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Posts Tagged ‘Fideua’

Spanish seafood pasta, made like a paella and with a dollop of alioli … what could be more reminiscent of dinner by the sea on holidays; this dish smells like Spain. Lightly does it when cooking the seafood.

Wine Suggestion: A lighltly chilled Garnacha Negra (Grenache Noir) from Terra Alta springs to mind – they really have a wonderful affinity for this grape there, alongside the Garnacha Blanca too. Edetaria’s basic “via Terra” has all the joy, freshness and perfume to compliment the flavours of the food while adding an extra warm spice and red fruits to lift it further. 30 minutes in the fridge was enough to make it taste and feel like sunshine in Spain, even if the weather outside isn’t quite like that at the moment.

Seafood pasta – serves 6 (easily halved)

  • 6 tbsp olive oil
  • 400g monkfish fillet
  • 4 baby squid, cleaned and bodies cut into rings
  • 12 raw peeled king prawns
  • 12 queen scallops (or you can cut bigger ones in half)
  • 4-5 cloves of garlic, crushed
  • 3 tomatoes, peeled and chopped
  • 1 tsp sweet paprika
  • a good pinch of saffron threads
  • 1.25 litres of fish or chicken stock
  • 500g fideua pasta (or you can use vermicelli or spaghettini)
  • 3 tbsp chopped flatleaf parsley
  • lemons quarters, to garnish
  • garlic mayonnaise or alioli, to serve

Heat 4 tbsp of the oil in a large paella pan (40-45cm). Add the monkfish, sprinkle with salt, and cook for a few minutes, turning. Add the squid and cook, stirring, for a couple of minutes. Add the prawns and scallops and turn until the prawns are pink and scallops just seared, just a minute or two. Transfer the cooked seafood to a platter and pour off and reserve any cooking liquid.

Heat the rest of the oil in the same pan, stir in the garlic and stir briefly, then stir in the tomatoes. Add the paprika, saffron and some salt, and cook for 10 minutes, stirring now and then, until the liquid has almost evaporated.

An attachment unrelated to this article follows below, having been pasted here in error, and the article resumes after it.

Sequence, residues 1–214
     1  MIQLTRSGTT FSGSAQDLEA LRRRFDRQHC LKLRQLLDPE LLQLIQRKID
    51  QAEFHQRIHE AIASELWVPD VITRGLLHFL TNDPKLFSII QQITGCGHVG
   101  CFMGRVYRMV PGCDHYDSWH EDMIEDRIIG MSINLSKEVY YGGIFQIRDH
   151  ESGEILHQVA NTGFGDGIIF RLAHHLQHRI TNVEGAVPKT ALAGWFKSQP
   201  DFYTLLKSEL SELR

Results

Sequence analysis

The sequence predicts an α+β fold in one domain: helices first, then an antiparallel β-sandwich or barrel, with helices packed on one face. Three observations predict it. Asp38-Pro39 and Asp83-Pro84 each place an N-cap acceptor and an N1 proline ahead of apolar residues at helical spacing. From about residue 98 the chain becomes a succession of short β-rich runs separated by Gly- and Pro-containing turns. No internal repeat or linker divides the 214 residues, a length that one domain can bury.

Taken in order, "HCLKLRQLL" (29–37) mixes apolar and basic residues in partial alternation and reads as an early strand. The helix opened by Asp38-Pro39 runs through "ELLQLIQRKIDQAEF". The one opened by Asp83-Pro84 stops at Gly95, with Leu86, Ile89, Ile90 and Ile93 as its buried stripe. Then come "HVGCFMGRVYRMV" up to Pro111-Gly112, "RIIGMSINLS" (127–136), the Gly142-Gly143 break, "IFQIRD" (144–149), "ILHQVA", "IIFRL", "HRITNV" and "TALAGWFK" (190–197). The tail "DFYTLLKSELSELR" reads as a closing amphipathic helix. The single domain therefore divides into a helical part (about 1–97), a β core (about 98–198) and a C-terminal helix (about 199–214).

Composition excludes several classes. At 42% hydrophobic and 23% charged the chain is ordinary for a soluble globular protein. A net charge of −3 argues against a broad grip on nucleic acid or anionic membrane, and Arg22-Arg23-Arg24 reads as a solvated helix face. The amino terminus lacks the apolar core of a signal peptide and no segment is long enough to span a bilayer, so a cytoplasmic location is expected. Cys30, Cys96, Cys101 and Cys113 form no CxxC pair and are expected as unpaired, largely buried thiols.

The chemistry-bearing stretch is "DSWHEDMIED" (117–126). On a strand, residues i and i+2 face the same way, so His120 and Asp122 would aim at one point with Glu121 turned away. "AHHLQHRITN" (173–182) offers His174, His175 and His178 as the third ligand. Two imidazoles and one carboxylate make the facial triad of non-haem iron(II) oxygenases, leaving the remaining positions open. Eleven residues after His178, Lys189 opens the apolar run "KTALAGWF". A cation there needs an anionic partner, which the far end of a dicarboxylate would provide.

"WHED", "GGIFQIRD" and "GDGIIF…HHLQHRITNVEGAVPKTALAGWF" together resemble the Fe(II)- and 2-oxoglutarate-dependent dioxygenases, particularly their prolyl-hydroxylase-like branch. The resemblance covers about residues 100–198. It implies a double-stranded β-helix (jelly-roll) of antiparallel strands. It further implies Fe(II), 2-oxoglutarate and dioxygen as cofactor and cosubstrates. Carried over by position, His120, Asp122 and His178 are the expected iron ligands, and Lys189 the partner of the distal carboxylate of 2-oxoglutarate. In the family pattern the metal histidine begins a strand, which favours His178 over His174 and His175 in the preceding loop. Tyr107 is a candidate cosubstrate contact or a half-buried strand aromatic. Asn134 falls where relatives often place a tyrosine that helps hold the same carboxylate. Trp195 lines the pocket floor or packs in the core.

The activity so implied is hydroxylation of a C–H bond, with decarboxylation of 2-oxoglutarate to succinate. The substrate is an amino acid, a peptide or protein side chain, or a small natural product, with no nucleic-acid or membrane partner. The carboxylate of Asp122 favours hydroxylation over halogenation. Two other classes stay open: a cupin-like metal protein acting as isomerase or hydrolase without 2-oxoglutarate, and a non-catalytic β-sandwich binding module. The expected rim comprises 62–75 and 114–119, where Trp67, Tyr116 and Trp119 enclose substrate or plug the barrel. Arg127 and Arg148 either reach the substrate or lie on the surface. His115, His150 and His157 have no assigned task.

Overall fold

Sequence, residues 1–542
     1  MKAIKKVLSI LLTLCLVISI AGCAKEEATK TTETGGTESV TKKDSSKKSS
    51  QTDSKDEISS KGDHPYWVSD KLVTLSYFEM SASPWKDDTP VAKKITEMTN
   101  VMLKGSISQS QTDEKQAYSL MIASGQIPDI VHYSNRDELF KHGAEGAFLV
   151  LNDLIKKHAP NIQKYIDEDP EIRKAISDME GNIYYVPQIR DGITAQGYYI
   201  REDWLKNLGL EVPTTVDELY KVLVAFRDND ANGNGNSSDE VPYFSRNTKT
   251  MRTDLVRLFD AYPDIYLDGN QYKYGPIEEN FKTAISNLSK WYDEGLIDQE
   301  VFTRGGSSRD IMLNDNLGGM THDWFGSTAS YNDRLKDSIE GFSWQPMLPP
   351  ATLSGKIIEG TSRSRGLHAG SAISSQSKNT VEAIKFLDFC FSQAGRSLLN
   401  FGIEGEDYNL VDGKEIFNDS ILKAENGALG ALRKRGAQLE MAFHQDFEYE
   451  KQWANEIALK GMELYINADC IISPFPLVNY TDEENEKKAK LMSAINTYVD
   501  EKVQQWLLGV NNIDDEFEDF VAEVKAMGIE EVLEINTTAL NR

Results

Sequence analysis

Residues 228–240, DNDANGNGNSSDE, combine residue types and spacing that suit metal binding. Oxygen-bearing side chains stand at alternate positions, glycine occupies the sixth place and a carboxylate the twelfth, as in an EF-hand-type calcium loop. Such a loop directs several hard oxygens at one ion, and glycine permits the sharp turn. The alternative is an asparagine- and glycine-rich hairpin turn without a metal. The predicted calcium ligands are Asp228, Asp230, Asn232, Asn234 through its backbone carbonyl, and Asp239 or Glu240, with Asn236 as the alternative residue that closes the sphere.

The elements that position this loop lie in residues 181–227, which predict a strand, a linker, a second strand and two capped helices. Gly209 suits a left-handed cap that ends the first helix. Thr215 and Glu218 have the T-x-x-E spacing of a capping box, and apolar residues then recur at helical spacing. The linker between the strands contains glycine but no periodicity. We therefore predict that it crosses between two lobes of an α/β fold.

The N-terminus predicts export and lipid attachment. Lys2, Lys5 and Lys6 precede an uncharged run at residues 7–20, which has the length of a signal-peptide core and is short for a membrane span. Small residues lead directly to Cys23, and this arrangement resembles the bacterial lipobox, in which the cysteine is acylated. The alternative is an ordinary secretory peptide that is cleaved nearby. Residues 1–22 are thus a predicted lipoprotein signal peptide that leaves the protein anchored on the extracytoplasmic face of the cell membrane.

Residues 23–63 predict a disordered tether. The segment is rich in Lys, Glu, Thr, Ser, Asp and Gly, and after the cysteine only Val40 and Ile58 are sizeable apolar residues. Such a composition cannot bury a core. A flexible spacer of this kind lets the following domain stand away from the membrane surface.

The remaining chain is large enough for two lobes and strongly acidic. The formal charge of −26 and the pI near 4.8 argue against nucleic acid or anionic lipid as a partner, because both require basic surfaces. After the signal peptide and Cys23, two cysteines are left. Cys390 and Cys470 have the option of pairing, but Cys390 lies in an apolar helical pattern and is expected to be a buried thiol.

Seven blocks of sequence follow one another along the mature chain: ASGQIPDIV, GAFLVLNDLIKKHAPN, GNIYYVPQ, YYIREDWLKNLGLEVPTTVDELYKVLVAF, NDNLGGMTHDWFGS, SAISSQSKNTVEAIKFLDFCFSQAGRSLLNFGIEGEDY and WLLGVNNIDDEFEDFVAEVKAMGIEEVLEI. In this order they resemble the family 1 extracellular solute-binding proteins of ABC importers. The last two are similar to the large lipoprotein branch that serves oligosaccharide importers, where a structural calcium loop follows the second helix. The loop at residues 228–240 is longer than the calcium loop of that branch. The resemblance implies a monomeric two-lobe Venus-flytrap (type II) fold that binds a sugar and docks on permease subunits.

Meanwhile, bring the stock and cooking liquid to the boil. Add the pasta to the sauce in the paella pan and cook, stirring, until well coated. Pour in the boiling and cook until the pasta is al dente. Place the seafood on top a few minutes before the end.

Serve sprinkled with parsley and with lemon and alioli or galric mayonnaise on the side.

(Original recipe from Claudia Roden, The Food of Spain, Michael Joseph, 2012.)

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We’ve tried this Spanish pasta dish before, but with limited success, however this version was a triumph. We had the proper fideos noodles this time which we think might have helped. As we can’t go on holidays at the moment we thought we’d cook holiday dishes instead. Serve with some aïoli.

Wine Suggestion: this dish cries out for a fresh Garnacha like the Edetaria via Terra which is from Terra Alta DO in the south of Catalonia. Inland, at some altitude and on specific soils this area produces some of the best wines from this grape anywhere with a freshness and weightlessness from lovely ripe grapes.

Prawn fideua – serves 4

  • olive oil
  • 1 onion, finely chopped
  • 1 red pepper, finely chopped
  • 100g chorizo, thinly sliced
  • 3 cloves of garlic, finely chopped
  • 1 tsp sweet paprika
  • a pinch of saffron strands
  • 1 tsp salt
  • 400g tin of plum tomatoes, lift the tomatoes out of the juice with a spoon and discard the juice left in the tin
  • 350g fideos noodles
  • 600ml freshly boiled water
  • 400g whole shell-on prawns
  • lemon wedges, to serve

Cover the base of a paella or sauté pan with olive oil, then warm over a medium heat. Add the onion, pepper, chorizo and garlic and cook for about 10 minutes or until the onions and peppers are soft.

Add the paprika, saffron and salt and stir over the heat for a minute, then add the tomatoes – squeezing them with your hands as you add them to the pan to break them up. Cook for 2 minutes to thicken.

Add the fideos noodles and stir to coat well, then add the boiled water. Cover and cook for 5 minutes, then spread the prawns over the surface and cook uncovered for another 5 minutes, or until the water has evaporated and a crust is forming on the bottom of the pan. The prawns will turn pink when cooked, you can turn them over to help them along.

Remove from the heat and rest for 5 minutes before serving with lemon wedges and aïoli.

(Original recipe from New Kitchen Basics by Claire Thomson, Quadrille, 2019.)

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